Christians should be alarmed by the allure of these festivals and tourist attractions. People are being deceived in our own backyard. So, how should Christians react to occultism in our communities?

First, it begins with your own family. While you may feel completely comfortable with your church’s trunk-or-treat and harvest celebrations, be sure these events do not include anything related to witchcraft or paganism.

Next, if your community does observe anything related to the occult, refuse to participate. Not participating may mean losing money for your business or it may make your neighbors think you are snubbing the community, but we must teach our children the difference between obedience to the living God and tolerating or even engaging with a spirit world that leads to destruction.

Also, churches must begin to address the spirit realm and provide communities with sound teaching. Too many leaders in the church prefer to avoid the subject, and, as a result, we have many people who do not understand the inherent evil of these practices. Our Father God does not tolerate what we have so willfully ignored in our midst. The Lord tells us in Deuteronomy 18:10-12a:

Let no one be bound among you who sacrifices his son or daughter in the fire, who practices divination or sorcery, interprets omens, engages in witchcraft, or casts spells, or who is a medium or spiritist or who consults the dead. Anyone who does these things is detestable to the Lord.

Finally, instead of developing an economy based on the occult, we should encourage historical tourism. Many of the sites in these towns do have legitimate historical significance. It is possible to share the history of the community and generate income without involving the occult.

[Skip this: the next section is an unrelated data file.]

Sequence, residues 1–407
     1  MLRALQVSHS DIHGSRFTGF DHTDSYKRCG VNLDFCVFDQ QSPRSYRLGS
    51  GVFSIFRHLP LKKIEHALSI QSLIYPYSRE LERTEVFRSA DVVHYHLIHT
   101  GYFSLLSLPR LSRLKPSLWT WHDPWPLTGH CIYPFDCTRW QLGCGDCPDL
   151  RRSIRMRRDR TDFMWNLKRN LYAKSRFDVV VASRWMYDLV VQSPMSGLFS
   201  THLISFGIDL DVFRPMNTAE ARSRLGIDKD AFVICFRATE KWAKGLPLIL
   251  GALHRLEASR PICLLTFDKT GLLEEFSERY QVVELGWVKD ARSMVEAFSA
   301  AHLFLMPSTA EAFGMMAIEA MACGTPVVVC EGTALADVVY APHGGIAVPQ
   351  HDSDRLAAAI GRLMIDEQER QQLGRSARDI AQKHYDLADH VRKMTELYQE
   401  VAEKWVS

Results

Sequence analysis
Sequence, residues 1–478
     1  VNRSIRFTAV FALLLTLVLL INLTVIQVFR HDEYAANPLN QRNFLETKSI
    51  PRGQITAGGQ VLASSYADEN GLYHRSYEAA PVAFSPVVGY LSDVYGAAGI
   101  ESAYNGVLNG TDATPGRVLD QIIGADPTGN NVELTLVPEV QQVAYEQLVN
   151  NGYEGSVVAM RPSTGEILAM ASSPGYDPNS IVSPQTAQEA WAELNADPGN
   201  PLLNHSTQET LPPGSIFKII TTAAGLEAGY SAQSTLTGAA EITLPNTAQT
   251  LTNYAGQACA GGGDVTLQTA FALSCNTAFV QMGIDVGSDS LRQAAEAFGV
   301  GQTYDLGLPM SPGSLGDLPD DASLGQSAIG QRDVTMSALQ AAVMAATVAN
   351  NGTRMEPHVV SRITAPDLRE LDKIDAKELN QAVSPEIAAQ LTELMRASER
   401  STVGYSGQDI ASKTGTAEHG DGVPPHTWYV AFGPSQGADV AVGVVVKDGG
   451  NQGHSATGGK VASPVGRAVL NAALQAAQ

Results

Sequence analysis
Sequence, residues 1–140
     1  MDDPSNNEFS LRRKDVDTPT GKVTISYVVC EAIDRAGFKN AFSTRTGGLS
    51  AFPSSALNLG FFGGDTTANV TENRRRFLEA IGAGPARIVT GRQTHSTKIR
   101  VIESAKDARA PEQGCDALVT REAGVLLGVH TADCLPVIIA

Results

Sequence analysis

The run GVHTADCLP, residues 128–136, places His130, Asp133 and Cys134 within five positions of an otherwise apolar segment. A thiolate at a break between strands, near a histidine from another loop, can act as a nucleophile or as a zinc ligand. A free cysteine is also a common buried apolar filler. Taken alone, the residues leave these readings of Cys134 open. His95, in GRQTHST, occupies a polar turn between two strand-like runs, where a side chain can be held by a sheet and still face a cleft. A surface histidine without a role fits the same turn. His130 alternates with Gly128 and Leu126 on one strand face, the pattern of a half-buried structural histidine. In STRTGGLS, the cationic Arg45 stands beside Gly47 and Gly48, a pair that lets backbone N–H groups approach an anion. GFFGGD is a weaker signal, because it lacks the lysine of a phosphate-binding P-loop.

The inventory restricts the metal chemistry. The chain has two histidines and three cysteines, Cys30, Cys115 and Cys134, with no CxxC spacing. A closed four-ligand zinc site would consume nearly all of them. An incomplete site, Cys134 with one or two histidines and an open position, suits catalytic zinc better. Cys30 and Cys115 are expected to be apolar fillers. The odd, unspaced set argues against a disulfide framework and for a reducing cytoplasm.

When our communities tolerate and promote the occult, we should gently offer instruction regarding the dark nature of witchcraft and spiritualism. We must follow the charge given in 2 Timothy 4:2-4:

Preach the Word; be prepared in season and out of season; correct, rebuke, and encourage—with great patience and careful instruction. For the time will come when men will not put up with sound doctrine. Instead to suit their own desires, they will gather around them a great number of teachers to say what their itching ears want to hear. They will turn their ears away from the truth and turn aside to myths. But you, keep your head in all situations, endure hardship, do the work of an evangelist, discharge all duties of your ministry.

As the fall festivals continue, let us not forget that our communities need Christians to be examples of righteousness.

Even though the season of Halloween is past, this resource offers solid biblical insight for Christian parents and others who have questions or concerns about participating in Halloween activities.



Kristi Shaffer
Kristi Shaffer completed an Associates degree at Lewis and Clark Community College in 2006, she then graduated Magna Cum Laude from Southern Illinois University Edwardsville with a bachelor’s in history and a minor in Anthropology in 2009. She went on to complete a Masters in U.S. History at St. Louis University in 2013. Prior to entering the field of higher education and history, Kristi worked in the medical field for 13 years, 10 of that as Licensed Practical Nurse (LPN). Currently she is working as an adjunct instructor of history. She has taught in community colleges in both Illinois and...